The group’s diversity indicated quality, but it was more than that. Food brought people together, and nowhere was that more evident than at the truck it seemed. She looked closer. The truck was decorated with flowers—mums, maroon with a yellow button center and cheery in a pot—and there were no pictures or signs. No prices.

That was strange. Usually pictures of the menu offerings were posted on the side of the food truck facing the main street to draw in customers. She could smell the chicken. So, she knew that chicken was part of it. That was it, though.

Huh. There was probably a menu at the front of the truck.

She went around. No one was standing directly in front of the man there. Olive skin, spiked, black hair, and a red chef’s jacket that buttoned to the side, but that wasn’t what surprised her. It was a food truck—she could hear the sizzling of the chicken being cooked along with the honks of busy High Street. Potted mini-roses were on either side of the truck’s service opening and at the bottom, where there was usually ice for drinks to be sold, there were happy, Gerbera daisies in the same pretty maroon color as the mums that were to the side of the truck.

The man inside gave a curt nod. A ginger khaki-polo stepped up from the line to the front of the truck. He exchanged money for a plastic bag containing a Styrofoam container. The next person stepped up in line.

Red Chef Jacket Dude was not making eye contact.

She looked at the line and stepped up to the first people who looked like they were in a group. They looked like the first-job type. In five years, they would be married with one child on their way and in middle management. For now, they spent their free time at bars, with half their calories for the day probably coming from happy-hour menus.

“Excuse me,” Michelle said. “What’s the deal here?”

The shortest man in the group, who also interestingly enough was the cutest one, said, “It’s a cult.”

“A cult?”

He stuck his head out and looked up and down the street, then faced her dead-on. “Yeah. Here’s the deal. You pay ten dollars and he gives you whatever he’s cooking for the day.”

“Are you serious?” Michelle looked at his buddies in their various colors of polos plus khakis, and they grinned along. She needed clarity. “You’re telling me that you hand this man a ten-dollar bill and then he just gives you whatever he wants to give you and you do not know what it is? You’re buying lunch sight unseen?”

“Yes,” he said. “And you can’t look at him. Or talk to him. First Rule: Do Not Engage Chef.”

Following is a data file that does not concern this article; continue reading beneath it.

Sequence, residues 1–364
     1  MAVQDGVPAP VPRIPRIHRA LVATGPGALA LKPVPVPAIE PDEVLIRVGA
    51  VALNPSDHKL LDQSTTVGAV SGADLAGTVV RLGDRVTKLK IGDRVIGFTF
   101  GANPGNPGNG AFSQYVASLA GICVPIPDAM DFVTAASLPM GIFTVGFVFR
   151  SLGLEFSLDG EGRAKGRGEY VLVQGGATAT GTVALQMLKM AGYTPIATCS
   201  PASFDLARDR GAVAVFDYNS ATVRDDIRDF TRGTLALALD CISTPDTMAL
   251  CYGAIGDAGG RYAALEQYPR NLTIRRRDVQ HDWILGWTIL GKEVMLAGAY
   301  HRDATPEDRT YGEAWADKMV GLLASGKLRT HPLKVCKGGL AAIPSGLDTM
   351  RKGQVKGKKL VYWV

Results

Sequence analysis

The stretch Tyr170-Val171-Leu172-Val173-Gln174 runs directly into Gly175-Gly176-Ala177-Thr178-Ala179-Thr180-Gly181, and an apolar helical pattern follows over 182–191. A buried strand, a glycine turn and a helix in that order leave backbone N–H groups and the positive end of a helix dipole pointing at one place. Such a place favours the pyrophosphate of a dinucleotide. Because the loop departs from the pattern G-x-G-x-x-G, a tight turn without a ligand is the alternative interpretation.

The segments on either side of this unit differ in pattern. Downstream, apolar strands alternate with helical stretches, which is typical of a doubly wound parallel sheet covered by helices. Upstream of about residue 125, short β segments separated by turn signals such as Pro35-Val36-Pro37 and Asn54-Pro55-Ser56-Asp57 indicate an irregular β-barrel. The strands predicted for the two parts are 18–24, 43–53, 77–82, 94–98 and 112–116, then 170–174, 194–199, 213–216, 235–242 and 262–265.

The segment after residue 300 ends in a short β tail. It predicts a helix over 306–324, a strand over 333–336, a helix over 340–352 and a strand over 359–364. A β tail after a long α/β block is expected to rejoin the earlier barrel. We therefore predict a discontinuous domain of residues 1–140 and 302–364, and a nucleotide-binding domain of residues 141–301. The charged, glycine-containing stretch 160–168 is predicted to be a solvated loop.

Now this was just going a bit too far.

He kept going, “Because he won’t like that. You give him ten dollars and he gives you a plate of food.”

She wanted to make sure that she got this right. “You give him ten dollars and he gives you a plate of food?”

He gave a quick nod. “Yep.”

It sounded silly. It sounded squirrelly, to tell the truth. She looked behind him, though, and the line just kept growing. This time it was a man wearing one of those neon green construction vests. If she wanted a plate, she better get to it. And then the wind changed and the breeze brought grilled chicken right to her nose, putting her back in North Carolina. It wasn’t hard to make the decision after that.

“Thanks,” she said, and took her place in line.


It would be a better diversion than reading the contract, and she always thought better when she had some protein in her stomach, coffee be damned. This would be good. She could spend her lunch hour listing the pros and cons of the contract, but now she had something silly to concentrate on, a distraction. A man with a nondescript food truck, which made it more special that way because it was blank of any decorations or menus. Just decorative pots of plants, and the scent of grilled chicken and the hint of garlic that ran underneath it.

With each step, she paid attention to the process. True to what her new friend had told to her, the line did not go directly up to the man. It stopped just a few steps off to the right. To give him respect, she supposed. You would step up after the last person was served and you would wait to be called. Red Chef would fill the Styrofoam container, shove it into the plastic bag to his right, and then he would motion you with a quick hand gesture to pick up the food.

You may now approach the throne.

Her stomach began to grumble. It was that time, and with her nervousness of looking over the contract—or, in her case, not looking over the contract—her stomach had started to make its presence known.

It was nice to just be here. The sky above was blue and clear like the perfect day that made her wish she actually felt comfortable riding a bike on a city street. The breeze was just enough to let her know that it was there to circulate the air. Sometimes she liked heading down to the river trail for lunch. Just to stretch her legs and look out over the water. There was something calming about that, about the river. It probably called back to a primal part of her. There was movement in the water, if she could overlook the sewage and the pollution and the warning signs not to take more than so many ounces of fish from the river because it could be contaminated.